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“Until you make the unconscious conscious, it will direct your life and you will call it fate.” — C.G. Jung

We must become conscious of our beliefs and feelings going on in our minds or we cannot change or transform ourselves and our lives. If something said is repeated over and over it becomes real, but in many cases what was said is either outdated at this point.

If we want to live with meaning and purpose we must make a list of these beliefs and feelings and examine them and tear them apart and eliminate those that don’t resonate with our values.

When we act from outmoded beliefs and feelings we stay stuck and can’t do the necessary letting go so we can move on.

In my case, both my caregivers were mentally ill so I had many bizarre beliefs and feelings that did not make sense even at a young age, I was not self-aware for a long time until I was much older and could be a bit objective about those beliefs and worked with therapists.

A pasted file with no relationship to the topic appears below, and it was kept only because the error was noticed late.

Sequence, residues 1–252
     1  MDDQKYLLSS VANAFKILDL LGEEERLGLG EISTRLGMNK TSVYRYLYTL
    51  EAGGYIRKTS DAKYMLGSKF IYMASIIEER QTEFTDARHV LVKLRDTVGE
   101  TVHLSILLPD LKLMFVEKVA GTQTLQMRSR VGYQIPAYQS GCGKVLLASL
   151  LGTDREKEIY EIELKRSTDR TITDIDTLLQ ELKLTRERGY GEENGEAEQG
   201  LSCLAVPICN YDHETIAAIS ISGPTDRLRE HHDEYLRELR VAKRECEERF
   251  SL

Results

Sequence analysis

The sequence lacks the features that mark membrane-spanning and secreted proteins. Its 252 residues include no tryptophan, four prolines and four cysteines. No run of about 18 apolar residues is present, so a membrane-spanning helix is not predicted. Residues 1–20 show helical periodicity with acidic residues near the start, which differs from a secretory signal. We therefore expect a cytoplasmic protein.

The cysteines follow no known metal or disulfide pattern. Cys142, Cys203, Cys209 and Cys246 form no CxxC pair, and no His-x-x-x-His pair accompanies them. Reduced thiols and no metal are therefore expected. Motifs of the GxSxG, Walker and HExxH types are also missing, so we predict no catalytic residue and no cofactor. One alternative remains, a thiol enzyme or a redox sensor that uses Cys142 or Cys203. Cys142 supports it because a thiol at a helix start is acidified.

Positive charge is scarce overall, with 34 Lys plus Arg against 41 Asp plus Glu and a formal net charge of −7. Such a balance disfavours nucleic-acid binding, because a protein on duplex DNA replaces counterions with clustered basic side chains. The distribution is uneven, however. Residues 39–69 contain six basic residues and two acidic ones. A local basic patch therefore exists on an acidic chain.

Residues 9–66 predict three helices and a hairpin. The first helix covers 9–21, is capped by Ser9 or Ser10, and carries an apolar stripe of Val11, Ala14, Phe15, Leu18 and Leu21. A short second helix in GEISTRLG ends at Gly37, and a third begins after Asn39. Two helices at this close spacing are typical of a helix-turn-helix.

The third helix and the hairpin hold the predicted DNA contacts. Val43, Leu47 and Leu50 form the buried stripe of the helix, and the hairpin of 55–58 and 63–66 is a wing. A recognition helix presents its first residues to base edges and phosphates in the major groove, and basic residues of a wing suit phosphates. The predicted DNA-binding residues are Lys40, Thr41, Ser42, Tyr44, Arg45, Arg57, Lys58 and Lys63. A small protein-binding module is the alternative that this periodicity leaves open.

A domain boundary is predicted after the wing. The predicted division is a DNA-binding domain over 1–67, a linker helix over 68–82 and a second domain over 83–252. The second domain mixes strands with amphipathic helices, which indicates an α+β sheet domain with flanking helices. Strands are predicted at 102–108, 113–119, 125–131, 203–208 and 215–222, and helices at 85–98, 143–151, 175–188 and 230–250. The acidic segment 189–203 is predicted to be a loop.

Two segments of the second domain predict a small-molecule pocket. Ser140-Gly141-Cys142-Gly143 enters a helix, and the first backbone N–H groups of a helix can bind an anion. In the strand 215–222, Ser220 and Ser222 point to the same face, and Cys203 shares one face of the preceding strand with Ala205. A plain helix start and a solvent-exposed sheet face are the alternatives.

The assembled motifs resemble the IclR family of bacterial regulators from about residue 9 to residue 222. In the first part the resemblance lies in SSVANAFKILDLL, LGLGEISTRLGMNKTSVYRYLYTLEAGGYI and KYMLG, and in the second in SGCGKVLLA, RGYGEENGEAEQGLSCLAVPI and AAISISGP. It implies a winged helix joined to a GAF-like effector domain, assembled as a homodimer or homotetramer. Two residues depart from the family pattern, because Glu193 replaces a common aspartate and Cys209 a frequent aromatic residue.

Many beliefs we pick up during our lives are dysfunctional. They make us limited.

On a regular basis we must update our beliefs, what was true in the past may not apply now. We must find those very deep beliefs that are not very conscious and rip them out by the roots. This is not easy, it requires, courage, sticking with a therapist, and a commitment to your own self-care.

This uncovering is all about finding the truth, your truth, so you can live the best life that is unique to you. We want to be whole, we want our inner parts integrated, we want to be happy.

None is possible unless we care deeply for ourselves on a regular basis. You are so worth the effort and with this loving effort for yourself the transformation of your life is permanent.

Thoughtful Thursday #261 – I Get It

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I Get It

 

I get the unspeakable shame and emotional pain and trauma of child abuse as a child and adult child. I get how you want to hurt yourself just to stop the pain and self-sabotage because you have no healthy sense of direction. I get it. Let’s talk about what creates trauma. Let’s talk about it without judgement. Let’s talk about how trauma and it’s buddies that keep you stuck.